Lynn and Cindy: Want to lure young readers into practicing their skills? You can’t go wrong with a new series, Doggie Defenders, from National Geographic! Just out in August are four wonderful nonfiction books about dogs with jobs. Well designed to assist newly independent readers, these totally engaging books feature big simple text, the signature stellar National Geographic photographs that assist comprehension and are guaranteed to be high interest. Grab these four right away and make sure you watch for more to come.

Stella the Search Dog, by Lisa Gerry.

Stella, a bloodhound with a big doggy grin, works with her partner, Trooper Diaz for the Virginia State Police. In this volume of Doggy Defenders, readers learn about Stella and her skillful nose, and her training. When a hiker gets lost in the mountains, Stella goes to work, even riding in a helicopter to where she picks up the trail.

Willow the Therapy Dog, by Lisa Gerry

Meet Willow, a rescued greyhound, who is a specially trained therapy dog. Willow and her owner spend their days visiting patients in the hospital, veterans homes, schools, and libraries. Sweet pictures of Willow curled up trustingly on beds with sick patients will melt hearts. But don’t miss the picture of Willow, decked out in her plaid pajamas, ready for bed at the end of a day.

Tiger the Police Dog, by Lisa Gerry

Tiger is a Belgian Malinois who works in Washington, D.C. with a female police officer partner. Tiger even has his own badge! Check out the “Meet the Team” Q&A and the Safety Tips in the back of each book, too!

Dolley the Fire Dog, by Lisa Gerry

Labrador Retrievers are a favorite breed of many, but this one, Dolley, partners with a fire department captain. Dolley’s job is to sniff out the cause of a fire. She “can smell a drop of fire-starting liquid that is smaller than a coin.” She and the captain train with a special version of hide and seek…and there are kibble rewards! Dolley also teaches children how to stop, drop, and roll!

Visit the National Geographic Kids website to find slide shows and short book trailers for each book like the ones here.

New Picture Books about Birds Take Flight

Cindy and Lynn: We love the fun coincidences that enliven our days as reviewers! Ever since Lynn infected Cindy with her birding obsession this spring, everywhere we turn we find gorgeous new picture books about birds! Here is a round-up of this flock of wonderful books taking flight. All of them will make lovely additions sitting next to your Stokes and Sibley guidebooks to help encourage the next generation of birders.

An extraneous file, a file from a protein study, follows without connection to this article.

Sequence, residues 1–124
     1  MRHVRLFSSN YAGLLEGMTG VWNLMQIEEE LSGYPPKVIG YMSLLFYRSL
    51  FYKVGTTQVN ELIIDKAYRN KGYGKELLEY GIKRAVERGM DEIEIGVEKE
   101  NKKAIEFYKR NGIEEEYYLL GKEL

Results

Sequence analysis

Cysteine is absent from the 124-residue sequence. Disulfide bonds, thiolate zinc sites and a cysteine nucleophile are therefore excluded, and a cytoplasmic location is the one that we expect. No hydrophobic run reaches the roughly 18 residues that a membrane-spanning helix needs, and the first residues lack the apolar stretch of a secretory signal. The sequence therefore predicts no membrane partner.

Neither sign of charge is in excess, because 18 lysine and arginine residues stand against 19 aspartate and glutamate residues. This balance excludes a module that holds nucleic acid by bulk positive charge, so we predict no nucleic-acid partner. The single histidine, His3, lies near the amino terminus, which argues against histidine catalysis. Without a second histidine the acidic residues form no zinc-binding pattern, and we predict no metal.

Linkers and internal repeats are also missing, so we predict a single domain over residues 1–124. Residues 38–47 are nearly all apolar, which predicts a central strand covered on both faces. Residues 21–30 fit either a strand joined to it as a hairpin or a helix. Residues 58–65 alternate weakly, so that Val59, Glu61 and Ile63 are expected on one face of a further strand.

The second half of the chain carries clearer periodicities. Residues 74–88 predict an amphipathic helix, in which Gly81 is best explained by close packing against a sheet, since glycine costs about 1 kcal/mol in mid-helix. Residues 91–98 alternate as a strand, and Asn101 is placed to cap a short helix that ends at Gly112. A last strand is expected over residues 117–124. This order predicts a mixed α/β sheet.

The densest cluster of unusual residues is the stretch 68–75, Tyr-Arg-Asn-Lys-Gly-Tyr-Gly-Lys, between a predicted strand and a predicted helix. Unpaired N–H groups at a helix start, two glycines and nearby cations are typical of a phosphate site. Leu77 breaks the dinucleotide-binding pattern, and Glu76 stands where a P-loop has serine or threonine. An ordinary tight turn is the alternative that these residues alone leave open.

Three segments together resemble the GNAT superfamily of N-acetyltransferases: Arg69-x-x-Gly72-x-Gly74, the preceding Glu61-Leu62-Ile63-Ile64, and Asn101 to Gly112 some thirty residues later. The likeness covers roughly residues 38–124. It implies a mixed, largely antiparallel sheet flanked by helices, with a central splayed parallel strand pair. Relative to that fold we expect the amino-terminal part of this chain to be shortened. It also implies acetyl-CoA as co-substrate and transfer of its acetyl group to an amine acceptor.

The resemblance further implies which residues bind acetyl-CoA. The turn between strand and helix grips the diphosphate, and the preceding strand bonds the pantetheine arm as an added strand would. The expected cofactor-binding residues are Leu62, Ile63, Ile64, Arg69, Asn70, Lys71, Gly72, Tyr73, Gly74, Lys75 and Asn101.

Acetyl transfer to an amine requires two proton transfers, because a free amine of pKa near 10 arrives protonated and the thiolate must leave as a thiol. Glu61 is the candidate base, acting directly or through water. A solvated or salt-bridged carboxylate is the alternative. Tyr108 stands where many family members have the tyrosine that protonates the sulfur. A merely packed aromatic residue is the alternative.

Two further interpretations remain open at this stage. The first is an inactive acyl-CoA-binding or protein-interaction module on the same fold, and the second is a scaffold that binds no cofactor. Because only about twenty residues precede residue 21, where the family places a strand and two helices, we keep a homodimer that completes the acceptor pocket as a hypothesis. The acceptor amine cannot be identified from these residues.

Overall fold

Birds of Every Color, by Sneed B. Collard III (Bucking Horse, 2019)

An excellent explanation of the science behind bird coloration and the current theories on the whys behind all that beauty. Full page stunning color photographs on every page make this a real stand-out. Perfect for young readers, the writing is clear and simple yet includes scientific terms in an approachable way. Renown science author Collard and his teenage son took the breath-taking photographs and the outstanding book design and enticing cover make this simply irresistible.

Counting Birds: The Idea That Helped Save Our Feathered Friends, by Heidi E.Y. Stemple (Seagrass, 2019)

Stemple introduces the little known ornithologist Frank Chapman and his development of the Christmas Day Bird Count. She also talks about that count, how it works, why it is so important and how kids can be involved.

Conversational in tone but with a wonderfully conveyed enthusiasm for birds and bird conservation, this book is perfect to use with kids in a classroom or storytime to introduce birding and spark interest in understanding and supporting conservation. Practical ideas and examples of how kids can be involved in the count are especially important as Stemple assures kids they can participate at their own bird feeders for a specific (and short) amount of time that is very practical. Cover Robin’s collage illustrations are as gorgeous as they are inviting. Back matter includes additional information about Chapman, how kids can be involved in Count Day and in helping to save birds.


Birds of a Feather: Bowerbirds and Me
, by Susan B. Roth (Holiday House/Neil Porter, 2019)

Roth focusses on a single species, the Bowerbird from Australia and New Guinea. She and the bird have a lot in common as they are both collage artists. The Bowerbird builds structures from a variety of materials and decorates it with bits of color and other found items to attract a mate. Roth uses a variety of colorful materials to build her attractive art to tell a story. The double-page spreads showing their similar work habits, materials, and resulting efforts are genius and make for an interesting way for children to understand both human and bird artists.

Hummingbird, by Nicola Davies (Candlewick, 2019)

Davies also takes on a single species while explaining bird migration. Ruby-throated Hummingbirds are visiting my nectar feeders and flowers while they get ready for their long flight back to Mexico, Central America and the southern part of Florida to spend their winters. Even adults are amazed by the endurance of these tiny birds so children are sure to be enchanted with this book. It’s the story of a young girl who learns about the migration from her Granny and from her own observations after flying on an airplane to New York City where she sees her favorite bird during the summer. Hummingbird migration and breeding facts are included to supplement the story, beautifully illustrated by Jane Ray.